An investigation by a U.S.-based journalism group suggests the close relatives of China's top leaders, including President Xi Jinping, have set up offshore companies to hide their massive wealth.
The report released Wednesday by the International Consortium of Investigative Journalists was based on information from 2.5 million leaked documents showing the identities of the owners of overseas businesses and trusts.
President Xi's brother-in-law and former Premier Wen Jiabao's son were among those named. Close relatives of ex-President Hu Jintao, former Premier Li Peng and late leader Deng Xiaoping were also mentioned as having overseas holdings.
The New York Times and Bloomberg in 2012 published reports saying Mr. Xi's and Mr. Wen's families had accumulated massive fortunes. Beijing promptly blocked the news outlets' websites in China in response.
On Wednesday, Chinese authorities blocked access to the ICIJ website. There has been no official response to the report.
A group of Chinese activists, including Xu Zhiyong, who went on trial Wednesday , have been calling for senior officials to publicly disclose their assets to curb corruption.
But Beiijng-based human rights lawyer Pu Zhiqiang, who has represented numerous activists, including Ai Wei Wei, thinks the new report will make it even less likely that Beijing will implement new asset declaration rules.
"I believe that what has been exposed would block asset declaration more than before simply because the close relatives of China's top leaders have huge assets in offshore entities that they would want to hide. Therefore it would be more unlikely for them to push forward the measure of assets declaration to the public."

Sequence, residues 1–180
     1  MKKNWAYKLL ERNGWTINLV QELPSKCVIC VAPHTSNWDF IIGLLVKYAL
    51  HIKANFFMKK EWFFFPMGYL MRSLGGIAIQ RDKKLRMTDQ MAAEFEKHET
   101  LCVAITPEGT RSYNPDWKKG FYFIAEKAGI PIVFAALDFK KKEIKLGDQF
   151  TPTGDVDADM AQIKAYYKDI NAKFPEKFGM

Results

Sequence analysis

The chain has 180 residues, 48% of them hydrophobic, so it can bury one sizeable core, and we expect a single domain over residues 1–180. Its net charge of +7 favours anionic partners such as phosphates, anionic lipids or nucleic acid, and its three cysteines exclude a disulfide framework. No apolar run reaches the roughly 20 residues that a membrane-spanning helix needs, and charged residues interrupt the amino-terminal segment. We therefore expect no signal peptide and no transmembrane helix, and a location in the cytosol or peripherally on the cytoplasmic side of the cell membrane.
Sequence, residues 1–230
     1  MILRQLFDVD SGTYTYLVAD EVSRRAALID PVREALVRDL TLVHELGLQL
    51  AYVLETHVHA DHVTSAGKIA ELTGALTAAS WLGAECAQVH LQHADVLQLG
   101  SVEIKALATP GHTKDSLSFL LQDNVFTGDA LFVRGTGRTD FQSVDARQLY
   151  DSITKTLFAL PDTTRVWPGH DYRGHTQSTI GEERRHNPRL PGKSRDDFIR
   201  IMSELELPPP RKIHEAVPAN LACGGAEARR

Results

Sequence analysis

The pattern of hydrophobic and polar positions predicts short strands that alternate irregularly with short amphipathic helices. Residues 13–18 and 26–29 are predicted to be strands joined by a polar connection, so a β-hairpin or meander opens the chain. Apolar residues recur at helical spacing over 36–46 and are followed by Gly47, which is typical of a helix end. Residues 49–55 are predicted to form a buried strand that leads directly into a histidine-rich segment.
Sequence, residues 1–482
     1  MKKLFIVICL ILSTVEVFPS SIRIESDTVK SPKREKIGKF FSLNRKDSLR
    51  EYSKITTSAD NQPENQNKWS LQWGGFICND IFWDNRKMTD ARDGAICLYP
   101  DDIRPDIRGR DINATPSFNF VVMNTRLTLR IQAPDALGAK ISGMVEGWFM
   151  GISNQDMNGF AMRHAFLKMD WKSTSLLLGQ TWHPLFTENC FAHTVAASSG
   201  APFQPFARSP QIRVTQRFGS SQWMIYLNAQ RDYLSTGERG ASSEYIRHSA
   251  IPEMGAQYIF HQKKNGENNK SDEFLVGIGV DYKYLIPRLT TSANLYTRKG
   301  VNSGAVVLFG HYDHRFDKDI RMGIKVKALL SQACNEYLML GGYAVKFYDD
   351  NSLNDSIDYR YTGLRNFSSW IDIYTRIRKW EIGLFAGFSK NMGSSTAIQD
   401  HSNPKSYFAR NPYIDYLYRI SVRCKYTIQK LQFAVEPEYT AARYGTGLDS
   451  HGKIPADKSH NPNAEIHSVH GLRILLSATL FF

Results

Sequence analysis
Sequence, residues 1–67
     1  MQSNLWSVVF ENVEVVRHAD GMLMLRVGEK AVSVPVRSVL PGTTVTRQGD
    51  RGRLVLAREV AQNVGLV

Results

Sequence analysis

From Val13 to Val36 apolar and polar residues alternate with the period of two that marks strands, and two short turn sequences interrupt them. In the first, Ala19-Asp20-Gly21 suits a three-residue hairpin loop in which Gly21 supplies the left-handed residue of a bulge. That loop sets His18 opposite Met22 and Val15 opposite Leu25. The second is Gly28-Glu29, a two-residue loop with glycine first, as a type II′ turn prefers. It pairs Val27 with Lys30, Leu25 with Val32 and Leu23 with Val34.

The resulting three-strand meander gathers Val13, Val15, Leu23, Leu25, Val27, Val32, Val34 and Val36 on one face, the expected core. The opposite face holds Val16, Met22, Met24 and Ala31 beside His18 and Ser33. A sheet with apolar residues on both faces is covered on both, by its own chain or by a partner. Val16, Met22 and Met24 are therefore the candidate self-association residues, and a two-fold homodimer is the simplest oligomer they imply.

But Shi Yinhong, a scholar at People's University in Beijing, says he is unconvinced about the reliability of the report.
"The voice of the investigative reporters group is nothing but one voice overseas. Is it reliable? I think it is uncertain to say so now. A few years ago, some similar rumors were spread, and it turned out that some of them were not trustworthy, and the reliability of some, were rather low. Furthermore, some were manipulated politically."
The ICIJ report cautioned there was no evidence of wrongdoing by Chinese leaders, and stressed that many may have not known about the financial activities of their families.
But such reports are a potential embarrassment to the Communist Party, which is in the midst of a highly publicized crackdown on rampant corruption within its ranks. Beijing fears widespread public frustration over the hidden, glamorous lives of Chinese leaders could spill over into social unrest.
Though no financial details were given in the ICIJ report, the investigation found 90 percent of the mainland Chinese clients named set up offshore entities in the British Virgin Islands, some with the help of Western companies.
(This report was produced in collaboration with the VOA Mandarin service.)